In the early months of 2009, as world leaders and financial experts debated whether we were entering a Greater Depression or just the Greatest Recession, signs of another crisis began to emerge. The internet, warned media activists and technology analysts, was under attack. The source, however, wasn’t another malicious virus or spam attack run out of Eastern Europe.
Instead, like the economy, the internet is facing a threat from within its own institutions. Just as the banks and investment companies wreaked chaos on themselves and the economy in the absence of regulatory safeguards, internet service providers (ISPs) are in danger of creating their own industry apocalypse by abandoning one of the core principles of the online world: net neutrality.
Put simply, net neutrality demands that ISPs treat all information equally. No screening practices which privilege or suppress certain sites or services are allowed. Your neighbourhood blog is as readily available to you as Apple’s iTunes store.
Net neutrality favours you and me, the users of content, rather than the commercial producers and distributors of that content. Without net neutrality, our online experience would be vastly different: a handful of large corporations would control not only what we access but how we access it, which in turn would affect what gets produced. The stakes—technological innovation and free speech—couldn’t be higher.
But Canada’s ISPs have gradually been undermining net neutrality without most users even being aware of it. Our ISPs are notorious for bandwidth throttling: using software to inspect the content of customers’ data streams and, if customers are using file-sharing applications like BitTorrent that often place a heavy demand on the network, slowing their transmission speed.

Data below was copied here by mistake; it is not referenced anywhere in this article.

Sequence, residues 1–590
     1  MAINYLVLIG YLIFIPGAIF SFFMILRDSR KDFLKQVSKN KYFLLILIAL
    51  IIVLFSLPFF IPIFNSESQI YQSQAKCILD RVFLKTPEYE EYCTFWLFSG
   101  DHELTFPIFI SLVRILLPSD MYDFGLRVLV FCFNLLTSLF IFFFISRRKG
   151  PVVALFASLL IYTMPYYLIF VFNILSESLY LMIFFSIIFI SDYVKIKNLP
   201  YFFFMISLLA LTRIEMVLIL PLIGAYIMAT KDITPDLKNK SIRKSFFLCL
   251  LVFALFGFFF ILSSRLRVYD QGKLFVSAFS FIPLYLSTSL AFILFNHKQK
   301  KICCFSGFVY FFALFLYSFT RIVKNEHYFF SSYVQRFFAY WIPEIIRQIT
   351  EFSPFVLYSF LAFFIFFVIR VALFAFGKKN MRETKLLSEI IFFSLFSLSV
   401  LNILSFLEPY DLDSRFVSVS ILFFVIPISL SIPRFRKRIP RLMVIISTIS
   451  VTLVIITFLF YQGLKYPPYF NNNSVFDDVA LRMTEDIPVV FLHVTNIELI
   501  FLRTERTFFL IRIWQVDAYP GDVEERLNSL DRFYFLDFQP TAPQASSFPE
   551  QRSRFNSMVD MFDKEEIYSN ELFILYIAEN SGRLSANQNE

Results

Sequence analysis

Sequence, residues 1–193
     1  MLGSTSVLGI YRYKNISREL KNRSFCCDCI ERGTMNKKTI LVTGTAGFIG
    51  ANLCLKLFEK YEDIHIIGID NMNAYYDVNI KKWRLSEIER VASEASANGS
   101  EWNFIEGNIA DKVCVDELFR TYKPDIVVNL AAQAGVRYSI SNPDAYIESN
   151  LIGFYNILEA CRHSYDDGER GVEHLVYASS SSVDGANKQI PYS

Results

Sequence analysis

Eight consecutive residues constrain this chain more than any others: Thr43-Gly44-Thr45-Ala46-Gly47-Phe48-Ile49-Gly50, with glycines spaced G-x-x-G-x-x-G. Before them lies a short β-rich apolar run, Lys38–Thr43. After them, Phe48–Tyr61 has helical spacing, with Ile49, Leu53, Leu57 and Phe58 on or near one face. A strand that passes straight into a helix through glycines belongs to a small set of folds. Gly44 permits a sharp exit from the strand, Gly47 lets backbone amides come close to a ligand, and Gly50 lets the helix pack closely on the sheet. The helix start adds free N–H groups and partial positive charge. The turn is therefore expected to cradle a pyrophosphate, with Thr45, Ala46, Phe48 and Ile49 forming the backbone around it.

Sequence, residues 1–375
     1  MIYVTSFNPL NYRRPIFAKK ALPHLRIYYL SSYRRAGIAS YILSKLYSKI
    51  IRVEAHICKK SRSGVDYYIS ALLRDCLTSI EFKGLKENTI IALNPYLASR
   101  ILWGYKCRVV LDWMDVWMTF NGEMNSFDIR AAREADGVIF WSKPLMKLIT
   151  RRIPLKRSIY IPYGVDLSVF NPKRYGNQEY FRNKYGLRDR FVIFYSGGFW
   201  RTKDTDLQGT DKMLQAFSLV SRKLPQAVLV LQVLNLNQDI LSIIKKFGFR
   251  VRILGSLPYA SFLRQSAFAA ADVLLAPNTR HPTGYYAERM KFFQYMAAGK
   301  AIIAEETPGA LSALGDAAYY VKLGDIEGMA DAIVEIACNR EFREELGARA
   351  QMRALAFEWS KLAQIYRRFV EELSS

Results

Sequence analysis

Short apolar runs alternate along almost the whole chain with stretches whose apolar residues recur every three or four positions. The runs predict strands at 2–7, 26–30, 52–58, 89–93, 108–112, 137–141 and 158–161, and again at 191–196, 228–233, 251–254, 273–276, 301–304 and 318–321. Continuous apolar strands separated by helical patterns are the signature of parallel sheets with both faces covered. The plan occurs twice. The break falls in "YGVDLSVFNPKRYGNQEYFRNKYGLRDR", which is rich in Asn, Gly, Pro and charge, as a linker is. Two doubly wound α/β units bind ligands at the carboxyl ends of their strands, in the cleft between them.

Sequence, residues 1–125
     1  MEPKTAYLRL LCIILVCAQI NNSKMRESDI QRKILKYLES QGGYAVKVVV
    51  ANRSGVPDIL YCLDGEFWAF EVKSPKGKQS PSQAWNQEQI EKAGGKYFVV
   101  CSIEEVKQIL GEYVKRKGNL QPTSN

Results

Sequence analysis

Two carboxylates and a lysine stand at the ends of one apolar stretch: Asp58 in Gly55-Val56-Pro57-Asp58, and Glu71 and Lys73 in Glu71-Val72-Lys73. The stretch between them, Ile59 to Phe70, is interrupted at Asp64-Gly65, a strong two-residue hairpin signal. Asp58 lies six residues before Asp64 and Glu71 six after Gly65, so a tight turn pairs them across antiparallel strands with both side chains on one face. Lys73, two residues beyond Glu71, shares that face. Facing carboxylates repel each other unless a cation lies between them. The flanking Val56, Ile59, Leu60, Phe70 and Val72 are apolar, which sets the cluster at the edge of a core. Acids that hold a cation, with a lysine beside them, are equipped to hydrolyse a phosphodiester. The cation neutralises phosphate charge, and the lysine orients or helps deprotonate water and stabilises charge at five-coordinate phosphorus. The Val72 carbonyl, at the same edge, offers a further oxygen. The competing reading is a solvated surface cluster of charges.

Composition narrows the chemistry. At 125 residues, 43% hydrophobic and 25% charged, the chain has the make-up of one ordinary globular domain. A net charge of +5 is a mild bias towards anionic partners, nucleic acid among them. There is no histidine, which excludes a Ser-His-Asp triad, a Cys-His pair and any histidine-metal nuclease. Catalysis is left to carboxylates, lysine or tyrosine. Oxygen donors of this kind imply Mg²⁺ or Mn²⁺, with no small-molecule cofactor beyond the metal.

ISPs argue network management practices should be determined by market forces rather than regulation. But their own history indicates how dangerous this can be, not only to consumers’ rights but also to innovation. Bell Canada, for instance, introduced throttling practices ostensibly aimed at its own customers, but the changes also affected several smaller ISPs that used Bell’s network infrastructure, thus forcing Bell’s rules and restrictions on its competitors and, coincidentally, reducing their ability to compete with Bell. Around the same time, Bell introduced its online video store. Presumably customers benefited from its speedy download service at the expense of those who were now being throttled.
And, of course, most ISPs offer tiered pricing, where customers’ download speeds and data usage are improved by paying a higher monthly fee. The fact that this practice has largely been accepted by Canadian consumers isn’t surprising—there’s little we can do about it, after all. But ISPs are now setting their sights on the other end of the data stream: the content providers, from large corporate websites to the smallest personal blogs.
Many ISPs want to charge a fee to deliver selected data to consumers. This “premium” data would travel faster (i.e., receive higher network priority) than unpaid-for or “free” data. Such a tiered scenario would obviously benefit large corporations and stifle innovation from competitors who can’t afford the premium or unthrottled service.
For a real-life example of how this could work, download a movie via iTunes, and then download a similar-sized file using the free file-sharing program BitTorrent. If you’re like most Canadians, you’ll notice a significant difference in the length of download times—sometimes in the range of days.
Why the difference? BitTorrent has been throttled by some ISPs in Canada because it is frequently used for illegal file sharing. Some people may be thinking to themselves, rightfully so—but not me, and no one who works for CBC television. When it used BitTorrent to legitimately distribute its show “Canada’s Next Great Prime Minister” in 2008, users said the files took so long to download because of throttling that the service was effectively useless—a perfect example of how market forces can prevent new, consumer-friendly systems from developing.
Consider another situation. Free video-conferencing software Skype—which lets people use the internet to make phone calls around the world—has changed modes of communication for hundreds of thousands of people and saved them loads of money. Now imagine an ISP throttling Skype or blocking it outright because it undermines the revenue model of its cell phone division. Sure, you could switch to an ISP that doesn’t have a cell phone division, but what happens if that ISP launches a Skype-like service that costs a monthly fee but is much quicker than the throttled Skype? The dynamics of this imaginary case are already being played out for real in the current practices of our ISPs.